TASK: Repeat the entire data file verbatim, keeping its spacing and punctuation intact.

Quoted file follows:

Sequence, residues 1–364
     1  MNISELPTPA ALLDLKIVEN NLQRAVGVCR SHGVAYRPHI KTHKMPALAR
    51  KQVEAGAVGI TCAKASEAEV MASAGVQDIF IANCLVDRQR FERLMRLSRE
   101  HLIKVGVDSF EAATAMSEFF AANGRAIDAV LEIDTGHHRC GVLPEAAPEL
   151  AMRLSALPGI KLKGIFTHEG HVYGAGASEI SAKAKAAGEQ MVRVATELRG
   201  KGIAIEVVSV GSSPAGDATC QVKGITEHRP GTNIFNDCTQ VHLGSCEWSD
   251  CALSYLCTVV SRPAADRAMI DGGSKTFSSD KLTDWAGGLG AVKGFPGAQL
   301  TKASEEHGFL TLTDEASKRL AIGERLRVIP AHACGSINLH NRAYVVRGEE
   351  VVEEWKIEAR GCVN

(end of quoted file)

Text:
Sequence, residues 1–364
     1  MNISELPTPA ALLDLKIVEN NLQRAVGVCR SHGVAYRPHI KTHKMPALAR
    51  KQVEAGAVGI TCAKASEAEV MASAGVQDIF IANCLVDRQR FERLMRLSRE
   101  HLIKVGVDSF EAATAMSEFF AANGRAIDAV LEIDTGHHRC GVLPEAAPEL
   151  AMRLSALPGI KLKGIFTHEG HVYGAGASEI SAKAKAAGEQ MVRVATELRG
   201  KGIAIEVVSV GSSPAGDATC QVKGITEHRP GTNIFNDCTQ VHLGSCEWSD
   251  CALSYLCTVV SRPAADRAMI DGGSKTFSSD KLTDWAGGLG AVKGFPGAQL
   301  TKASEEHGFL TLTDEASKRL AIGERLRVIP AHACGSINLH NRAYVVRGEE
   351  VVEEWKIEAR GCVN